Luckily Lefty and Righty's damaged eyes do not cause them discomfort or give them any kind of problems. Lefty's left eye is severely scarred and she has no vision in that eye. She does have vision in her right eye. Righty's right eye is scarred but less severely than Lefty's left eye and Righty does have partial vision in her right eye.
As soon as I brought Lefty and Righty home, all three-Lefty, Righty, and Uno-made it clear they were very much all bonded and very glad to see each other. The instant they came together, all three greeted each other with the familiarity you only see in cats who know each other well and like each other.
Lefty and Righty have temperaments that are totally different from Uno's temperament. Both are quiet and easygoing and laid back. They have an interesting way of "rotating", the only word I can think of at the moment to describe it. For awhile Lefty will be persistently wanting attention, petting etc, while Righty doesn't actively seek human attention much at all. Then they will switch off and Lefty will be doing her own thing while Righty will be persistently seeking human attention and petting etc. They also do this trading places when it comes to who sleeps where. One will sleep on a pillow near my head while the other will sleep on one of the cat beds at the foot of my bed. Then the two will switch places.
Speaking of rotating, I don't know if other people see cats organize rotations for favorite spots to sit or sleep, etc, or not but I see my cats do this all the time. The prime spot in the house for the cats is a cat bed by the window and next to the computer desk in my bedroom. The cats actually take turns sitting or sleeping on that cat bed. Once in a while two cats will sit together on that cat bed when something interesting is going on outside the window. Never once has there been any kind of cat quarrel over that favorite spot.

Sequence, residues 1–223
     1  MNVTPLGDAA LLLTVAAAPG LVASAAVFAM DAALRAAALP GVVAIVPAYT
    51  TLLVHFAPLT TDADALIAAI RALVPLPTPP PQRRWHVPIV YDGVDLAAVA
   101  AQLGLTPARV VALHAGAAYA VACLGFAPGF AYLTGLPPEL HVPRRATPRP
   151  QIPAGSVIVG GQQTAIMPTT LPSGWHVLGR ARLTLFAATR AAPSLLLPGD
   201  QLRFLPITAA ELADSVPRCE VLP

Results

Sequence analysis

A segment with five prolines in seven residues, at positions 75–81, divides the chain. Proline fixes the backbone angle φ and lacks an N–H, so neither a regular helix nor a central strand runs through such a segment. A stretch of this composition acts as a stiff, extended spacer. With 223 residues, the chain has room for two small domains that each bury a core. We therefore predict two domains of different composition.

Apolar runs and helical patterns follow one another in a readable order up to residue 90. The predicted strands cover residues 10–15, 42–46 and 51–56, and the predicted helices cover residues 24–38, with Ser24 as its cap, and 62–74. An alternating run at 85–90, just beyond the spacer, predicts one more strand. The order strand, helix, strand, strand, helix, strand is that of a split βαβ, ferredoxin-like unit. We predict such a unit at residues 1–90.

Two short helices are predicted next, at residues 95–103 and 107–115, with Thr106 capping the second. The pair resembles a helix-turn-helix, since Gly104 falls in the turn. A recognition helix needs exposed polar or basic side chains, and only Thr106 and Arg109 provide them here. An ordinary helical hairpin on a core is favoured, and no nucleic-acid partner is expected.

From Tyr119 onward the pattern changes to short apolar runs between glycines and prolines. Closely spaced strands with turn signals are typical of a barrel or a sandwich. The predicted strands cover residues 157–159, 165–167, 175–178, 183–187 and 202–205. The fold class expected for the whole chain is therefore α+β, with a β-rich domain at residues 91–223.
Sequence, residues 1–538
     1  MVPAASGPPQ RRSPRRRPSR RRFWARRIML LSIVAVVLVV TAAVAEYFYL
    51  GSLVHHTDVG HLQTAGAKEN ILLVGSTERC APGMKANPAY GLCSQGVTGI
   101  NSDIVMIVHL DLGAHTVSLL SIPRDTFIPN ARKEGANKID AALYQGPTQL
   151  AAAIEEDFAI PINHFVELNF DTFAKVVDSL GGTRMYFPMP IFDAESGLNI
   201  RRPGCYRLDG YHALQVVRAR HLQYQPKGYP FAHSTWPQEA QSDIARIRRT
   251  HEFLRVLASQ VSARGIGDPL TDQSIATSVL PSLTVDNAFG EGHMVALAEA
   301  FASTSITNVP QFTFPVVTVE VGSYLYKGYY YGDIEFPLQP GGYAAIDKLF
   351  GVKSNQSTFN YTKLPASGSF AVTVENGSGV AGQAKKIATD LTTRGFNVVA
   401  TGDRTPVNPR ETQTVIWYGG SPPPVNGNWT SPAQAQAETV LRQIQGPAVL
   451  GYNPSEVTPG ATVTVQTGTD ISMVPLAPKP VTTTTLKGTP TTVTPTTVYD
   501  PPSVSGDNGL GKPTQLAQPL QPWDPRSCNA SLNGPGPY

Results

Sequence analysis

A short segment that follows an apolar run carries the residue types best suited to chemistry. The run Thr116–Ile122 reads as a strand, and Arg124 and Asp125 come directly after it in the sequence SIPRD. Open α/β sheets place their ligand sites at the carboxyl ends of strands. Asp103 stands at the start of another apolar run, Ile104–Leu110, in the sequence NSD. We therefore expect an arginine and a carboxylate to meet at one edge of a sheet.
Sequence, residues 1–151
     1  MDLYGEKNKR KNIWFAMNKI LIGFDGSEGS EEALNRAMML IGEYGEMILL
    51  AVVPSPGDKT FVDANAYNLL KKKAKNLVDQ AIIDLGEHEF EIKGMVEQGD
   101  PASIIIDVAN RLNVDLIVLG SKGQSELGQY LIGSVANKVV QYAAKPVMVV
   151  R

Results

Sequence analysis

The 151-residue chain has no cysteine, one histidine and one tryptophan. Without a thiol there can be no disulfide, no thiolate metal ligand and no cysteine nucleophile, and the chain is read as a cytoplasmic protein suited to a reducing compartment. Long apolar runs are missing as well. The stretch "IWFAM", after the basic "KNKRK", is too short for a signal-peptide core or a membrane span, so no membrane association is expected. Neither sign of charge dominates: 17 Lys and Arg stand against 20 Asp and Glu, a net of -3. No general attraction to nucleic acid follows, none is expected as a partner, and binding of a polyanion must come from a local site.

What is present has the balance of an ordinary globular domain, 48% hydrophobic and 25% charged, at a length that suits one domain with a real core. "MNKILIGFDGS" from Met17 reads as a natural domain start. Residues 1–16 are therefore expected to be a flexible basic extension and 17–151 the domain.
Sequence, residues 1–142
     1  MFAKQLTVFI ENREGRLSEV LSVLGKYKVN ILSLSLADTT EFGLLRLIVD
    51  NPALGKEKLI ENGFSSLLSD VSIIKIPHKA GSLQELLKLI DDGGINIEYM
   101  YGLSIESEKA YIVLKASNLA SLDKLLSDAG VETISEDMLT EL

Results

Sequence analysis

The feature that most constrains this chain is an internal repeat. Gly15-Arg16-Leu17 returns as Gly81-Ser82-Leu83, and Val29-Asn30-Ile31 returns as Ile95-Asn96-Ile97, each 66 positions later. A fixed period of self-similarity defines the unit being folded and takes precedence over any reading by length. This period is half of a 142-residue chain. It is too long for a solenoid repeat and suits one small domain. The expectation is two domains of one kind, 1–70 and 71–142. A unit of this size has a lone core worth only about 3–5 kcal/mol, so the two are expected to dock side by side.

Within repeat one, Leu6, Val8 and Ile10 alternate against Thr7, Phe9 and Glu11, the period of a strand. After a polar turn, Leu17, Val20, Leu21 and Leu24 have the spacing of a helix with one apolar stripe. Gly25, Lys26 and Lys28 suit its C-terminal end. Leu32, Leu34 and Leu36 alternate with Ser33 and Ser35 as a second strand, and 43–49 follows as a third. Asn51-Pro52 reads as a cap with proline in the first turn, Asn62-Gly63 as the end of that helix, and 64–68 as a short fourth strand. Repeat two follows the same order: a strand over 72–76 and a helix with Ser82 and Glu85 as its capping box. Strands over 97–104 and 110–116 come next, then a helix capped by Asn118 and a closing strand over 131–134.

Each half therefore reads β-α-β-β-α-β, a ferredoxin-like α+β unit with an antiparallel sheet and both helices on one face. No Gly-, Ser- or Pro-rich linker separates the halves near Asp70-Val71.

The cats also seem to have some kind of agreement among them for shelves by other windows in other rooms where they like to sit and watch out the window, for favored perches on the cat trees, and for favorite cat beds. There never are any disputes over these spots.
I find that cat communication is far more complex and imaginative than most people realize. Games between multiple cats are often obviously well planned and organized with an agreement on who will play the prey role. The cat who's agreed to be "it" will turn his or her back and, except for tail twitching, will pretend to be unaware of the cat or cats sneaking up on him. At the last minute, the cat who is "it" will obligingly run from the chaser, a play wrestling match usually ensues and then the cats reverse roles. The chaser becomes the chasee.
Two or more cats will play together batting the ball in the Turbo Scratcher, a toy the cats dearly love and one of the first cat scratching toys I found that the cats actually really spend a good bit of time playing with. The cats also love cat trees that have sisal rope around them and carpeted perches, although the trees they loved most were the cat trees built with actual tree branches and carpeted shelves that I had for many years until those became worn out and fell apart. The cats have all sorts of small toys, little balls, toy mice, the small boodabones, a couple of old socks rolled up with catnip inside them, etc. I try to keep all their toys in a basket but like little kids, soon as I pick up their toys and put them in the basket, the cats get busy taking them out and strewing them all over the place again!
Just like humans, the cats occasionally will be in irritable or bad moods and not want bothered and get into an argument with another cat who won't take "leave me alone" for an answer. There are times when everybody seems to be "in a mood" and argumentative. These cat quarrels are usually noisy and dramatic, with hissing, growling, long low warning meows, fluffed tails and chasing each other but when they're over there's rarely even a scratch on any of the combatants. When anybody has gotten a scratch on the nose, it usually was very well deserved.